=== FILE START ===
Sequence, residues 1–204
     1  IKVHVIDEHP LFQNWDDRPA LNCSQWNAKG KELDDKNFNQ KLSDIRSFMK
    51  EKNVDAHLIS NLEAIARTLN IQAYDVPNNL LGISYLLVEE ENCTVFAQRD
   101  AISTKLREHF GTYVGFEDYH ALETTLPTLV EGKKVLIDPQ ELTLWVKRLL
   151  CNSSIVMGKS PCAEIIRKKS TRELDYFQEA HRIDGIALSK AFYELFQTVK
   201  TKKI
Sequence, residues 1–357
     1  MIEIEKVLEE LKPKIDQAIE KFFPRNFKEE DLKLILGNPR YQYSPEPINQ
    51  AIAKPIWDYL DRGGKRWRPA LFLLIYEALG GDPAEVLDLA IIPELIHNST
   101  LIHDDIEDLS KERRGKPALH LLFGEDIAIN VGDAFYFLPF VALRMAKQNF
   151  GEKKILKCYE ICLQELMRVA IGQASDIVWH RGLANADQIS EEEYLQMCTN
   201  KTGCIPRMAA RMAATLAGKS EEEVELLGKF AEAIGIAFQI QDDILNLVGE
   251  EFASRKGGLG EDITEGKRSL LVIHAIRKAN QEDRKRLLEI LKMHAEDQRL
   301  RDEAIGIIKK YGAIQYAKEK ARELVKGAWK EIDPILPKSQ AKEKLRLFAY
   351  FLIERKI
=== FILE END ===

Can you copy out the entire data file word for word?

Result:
Sequence, residues 1–204
     1  IKVHVIDEHP LFQNWDDRPA LNCSQWNAKG KELDDKNFNQ KLSDIRSFMK
    51  EKNVDAHLIS NLEAIARTLN IQAYDVPNNL LGISYLLVEE ENCTVFAQRD
   101  AISTKLREHF GTYVGFEDYH ALETTLPTLV EGKKVLIDPQ ELTLWVKRLL
   151  CNSSIVMGKS PCAEIIRKKS TRELDYFQEA HRIDGIALSK AFYELFQTVK
   201  TKKI
Sequence, residues 1–357
     1  MIEIEKVLEE LKPKIDQAIE KFFPRNFKEE DLKLILGNPR YQYSPEPINQ
    51  AIAKPIWDYL DRGGKRWRPA LFLLIYEALG GDPAEVLDLA IIPELIHNST
   101  LIHDDIEDLS KERRGKPALH LLFGEDIAIN VGDAFYFLPF VALRMAKQNF
   151  GEKKILKCYE ICLQELMRVA IGQASDIVWH RGLANADQIS EEEYLQMCTN
   201  KTGCIPRMAA RMAATLAGKS EEEVELLGKF AEAIGIAFQI QDDILNLVGE
   251  EFASRKGGLG EDITEGKRSL LVIHAIRKAN QEDRKRLLEI LKMHAEDQRL
   301  RDEAIGIIKK YGAIQYAKEK ARELVKGAWK EIDPILPKSQ AKEKLRLFAY
   351  FLIERKI